What does one do on a rainy Sunday in Florida?. This week we went to Palm Beach3 which is a gathering of all sorts of art dealers in painting, sculpture, photography and decorative arts. The event is held annually in the Palm Beach Convention Center which is appropriate for this sort of thing. The following week this building will be occupied by luxury car dealers selling Lamborghinis, and Rolls Royces — the same toys for the same boys. This is Palm Beach, the land of the pretentious, the impostor, the exhibitionist, and super rich. Its quite a mix. The convention center is the closest they will ever come to a mall.
Question: Whats it cost?
Answer: $35,000 (very glibly)
Response: Oh Fabulous!
No one here would ever dare to be shocked by the outrageous price of dreck.
This event brings in art dealers from around the world. Like a moth drawn to light, they descend on this convention center to peddle their wares to the rich and powerful who are united, only in their total lack of good taste. (If you don’t believe me, just take a walk down Worth Avenue in Palm Beach and look at the schlock being peddled as art. My favorite is the life-sized bronze sculpture of Picasso sitting in a rocking chair— $120,000. Not BY Picasso, OF Picasso. It was done by some whore with a goatee.) There seems to be some uniform for art dealers. The men are dressed in black suits with black shirts, black ties and rimless glasses. The female dealers also have a “uniform” but it is more subtle. diamonds, white dresses and breast implants seem to be the fashion of the moment.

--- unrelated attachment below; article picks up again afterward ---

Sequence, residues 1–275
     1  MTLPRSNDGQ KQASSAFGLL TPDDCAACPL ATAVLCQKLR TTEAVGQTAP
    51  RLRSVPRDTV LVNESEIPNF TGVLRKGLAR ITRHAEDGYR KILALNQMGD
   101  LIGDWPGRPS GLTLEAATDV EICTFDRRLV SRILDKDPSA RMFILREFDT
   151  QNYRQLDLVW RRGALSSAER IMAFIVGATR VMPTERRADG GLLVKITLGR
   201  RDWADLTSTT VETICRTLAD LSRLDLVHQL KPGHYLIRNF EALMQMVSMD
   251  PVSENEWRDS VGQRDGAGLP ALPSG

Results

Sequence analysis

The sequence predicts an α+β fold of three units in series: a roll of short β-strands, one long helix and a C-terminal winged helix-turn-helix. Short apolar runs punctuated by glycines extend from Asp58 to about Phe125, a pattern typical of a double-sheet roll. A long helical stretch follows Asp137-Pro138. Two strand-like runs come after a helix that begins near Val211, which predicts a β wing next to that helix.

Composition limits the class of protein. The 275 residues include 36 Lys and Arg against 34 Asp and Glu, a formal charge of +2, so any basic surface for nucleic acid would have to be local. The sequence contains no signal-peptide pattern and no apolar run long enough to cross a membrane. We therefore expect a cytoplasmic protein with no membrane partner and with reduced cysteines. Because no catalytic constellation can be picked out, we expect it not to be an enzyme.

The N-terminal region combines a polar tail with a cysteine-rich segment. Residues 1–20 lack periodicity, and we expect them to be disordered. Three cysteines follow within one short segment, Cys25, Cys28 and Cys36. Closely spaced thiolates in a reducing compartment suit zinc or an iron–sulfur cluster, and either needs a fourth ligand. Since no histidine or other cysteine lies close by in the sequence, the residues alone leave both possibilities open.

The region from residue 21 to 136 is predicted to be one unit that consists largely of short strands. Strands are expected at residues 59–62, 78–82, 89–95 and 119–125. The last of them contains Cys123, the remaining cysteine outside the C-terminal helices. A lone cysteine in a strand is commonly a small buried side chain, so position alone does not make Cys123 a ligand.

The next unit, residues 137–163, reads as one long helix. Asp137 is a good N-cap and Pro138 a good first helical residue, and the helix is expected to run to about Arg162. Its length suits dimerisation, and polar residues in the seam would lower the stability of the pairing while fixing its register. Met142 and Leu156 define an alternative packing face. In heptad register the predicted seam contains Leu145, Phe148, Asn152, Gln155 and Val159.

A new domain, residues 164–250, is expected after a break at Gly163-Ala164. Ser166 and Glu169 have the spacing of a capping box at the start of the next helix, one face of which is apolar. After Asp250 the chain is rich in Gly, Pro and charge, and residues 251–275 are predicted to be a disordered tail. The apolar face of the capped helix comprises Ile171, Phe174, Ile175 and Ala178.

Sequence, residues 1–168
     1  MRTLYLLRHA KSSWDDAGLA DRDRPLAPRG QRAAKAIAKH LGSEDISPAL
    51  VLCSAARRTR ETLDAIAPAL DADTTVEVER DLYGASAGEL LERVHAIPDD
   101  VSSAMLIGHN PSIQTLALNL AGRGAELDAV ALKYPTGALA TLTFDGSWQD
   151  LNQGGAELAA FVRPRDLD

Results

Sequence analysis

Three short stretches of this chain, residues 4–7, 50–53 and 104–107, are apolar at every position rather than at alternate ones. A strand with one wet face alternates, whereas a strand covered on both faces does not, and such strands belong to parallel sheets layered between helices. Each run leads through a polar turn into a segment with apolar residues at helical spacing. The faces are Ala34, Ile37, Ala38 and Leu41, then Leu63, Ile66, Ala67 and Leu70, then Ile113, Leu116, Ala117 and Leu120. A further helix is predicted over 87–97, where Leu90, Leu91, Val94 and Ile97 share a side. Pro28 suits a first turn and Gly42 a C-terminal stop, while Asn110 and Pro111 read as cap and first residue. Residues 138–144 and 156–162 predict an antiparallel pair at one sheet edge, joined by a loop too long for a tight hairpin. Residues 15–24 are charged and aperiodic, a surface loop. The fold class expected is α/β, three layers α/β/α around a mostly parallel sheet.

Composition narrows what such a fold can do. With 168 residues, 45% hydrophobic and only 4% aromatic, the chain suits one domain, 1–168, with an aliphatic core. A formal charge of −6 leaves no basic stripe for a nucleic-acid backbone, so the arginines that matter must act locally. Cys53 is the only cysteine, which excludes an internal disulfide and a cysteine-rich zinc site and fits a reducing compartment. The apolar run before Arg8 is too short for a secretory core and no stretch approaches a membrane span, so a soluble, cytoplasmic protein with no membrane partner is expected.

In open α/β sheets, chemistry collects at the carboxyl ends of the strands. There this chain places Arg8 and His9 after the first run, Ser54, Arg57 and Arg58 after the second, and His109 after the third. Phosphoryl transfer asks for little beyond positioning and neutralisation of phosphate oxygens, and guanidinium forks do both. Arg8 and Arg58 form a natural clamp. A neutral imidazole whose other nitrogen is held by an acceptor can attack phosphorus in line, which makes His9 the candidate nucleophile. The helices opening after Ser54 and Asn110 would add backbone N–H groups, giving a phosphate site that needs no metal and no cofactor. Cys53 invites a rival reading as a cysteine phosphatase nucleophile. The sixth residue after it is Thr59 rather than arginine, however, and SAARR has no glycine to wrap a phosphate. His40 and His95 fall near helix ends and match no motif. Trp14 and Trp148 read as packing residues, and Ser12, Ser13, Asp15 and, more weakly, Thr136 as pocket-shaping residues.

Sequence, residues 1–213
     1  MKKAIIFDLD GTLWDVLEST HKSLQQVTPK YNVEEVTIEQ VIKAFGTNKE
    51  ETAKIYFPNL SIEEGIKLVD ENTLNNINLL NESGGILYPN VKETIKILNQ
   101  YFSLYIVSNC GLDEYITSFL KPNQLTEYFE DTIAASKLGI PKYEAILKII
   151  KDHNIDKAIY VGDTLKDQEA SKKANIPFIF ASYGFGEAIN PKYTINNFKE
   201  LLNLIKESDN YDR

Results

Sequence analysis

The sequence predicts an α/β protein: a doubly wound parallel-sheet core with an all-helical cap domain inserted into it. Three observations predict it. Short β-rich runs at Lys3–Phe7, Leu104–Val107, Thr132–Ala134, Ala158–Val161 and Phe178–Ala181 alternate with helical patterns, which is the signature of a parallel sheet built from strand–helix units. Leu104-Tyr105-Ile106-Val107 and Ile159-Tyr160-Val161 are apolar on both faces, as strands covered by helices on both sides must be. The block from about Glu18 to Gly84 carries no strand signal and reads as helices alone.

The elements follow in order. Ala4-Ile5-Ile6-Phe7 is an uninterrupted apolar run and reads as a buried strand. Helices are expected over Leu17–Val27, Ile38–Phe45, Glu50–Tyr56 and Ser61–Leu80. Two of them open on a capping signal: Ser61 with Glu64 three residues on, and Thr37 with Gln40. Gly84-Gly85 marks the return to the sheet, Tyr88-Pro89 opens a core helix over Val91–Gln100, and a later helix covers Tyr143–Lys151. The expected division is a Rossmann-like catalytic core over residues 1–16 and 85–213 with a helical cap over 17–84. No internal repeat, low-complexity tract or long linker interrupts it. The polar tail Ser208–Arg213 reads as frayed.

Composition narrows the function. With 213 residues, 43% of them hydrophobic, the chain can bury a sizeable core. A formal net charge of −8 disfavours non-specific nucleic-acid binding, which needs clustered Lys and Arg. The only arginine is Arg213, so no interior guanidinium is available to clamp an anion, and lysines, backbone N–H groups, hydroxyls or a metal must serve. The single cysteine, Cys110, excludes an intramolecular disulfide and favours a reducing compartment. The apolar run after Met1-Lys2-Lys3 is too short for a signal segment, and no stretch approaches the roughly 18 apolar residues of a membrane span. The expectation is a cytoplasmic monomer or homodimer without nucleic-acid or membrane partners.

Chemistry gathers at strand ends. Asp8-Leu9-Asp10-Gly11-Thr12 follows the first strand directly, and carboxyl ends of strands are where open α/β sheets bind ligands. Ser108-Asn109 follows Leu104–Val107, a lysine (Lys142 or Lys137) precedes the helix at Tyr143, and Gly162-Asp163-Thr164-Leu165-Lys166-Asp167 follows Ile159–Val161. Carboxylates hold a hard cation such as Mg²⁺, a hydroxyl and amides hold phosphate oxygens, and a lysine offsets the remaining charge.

The public is just as contrived, at least most of them. They are dressed in the same”uniforms” as the dealers. This is to ensure that they recognize each so the sellers don’t have to waste their time answering stupid questions from amateurs.
I know I am just ranting now but lets be honest. Its not all bad. Amongst the life-sized nude sculptures of porn-stars. over sized photographs of washed-out views from grandmother’s kitchen, paintings of voluptuous semi-clad women staring vacantly into the distance, over sized photographs of blurred footprints, life-sized sculptures of push pins, $64,000 lighting fixtures, wall-sized portraits of screaming children with blood dripping from their empty eye sockets, and endless prints of Botero and Vazarelly, there was actually some good stuff to be seen. You just had to wade your way through all the shit to get there.
For me, however the main attraction was the crowd and the never-ending cacophony of color, shapes and styles was far superior to what was hanging on the walls.
The photo on top is of a jewellery dealer from Ottawa, Sharon was looking at a bracelet and this was the only contact we had with any of the dealers. (Most of them just ignore the audience as they peck away at their MacBooks and pretend to be very busy. The only thing that will get their attention would be a whiff of Chanel which is a secret sign that the person wearing it is stinking rich and worthy of their attention.)
But I digress. Anyhow this woman was showing Sharon a bracelet and I asked to take her picture. She said yes. By the way, she didn’t really belong here since her stuff was reasonably priced and she actually spoke to people.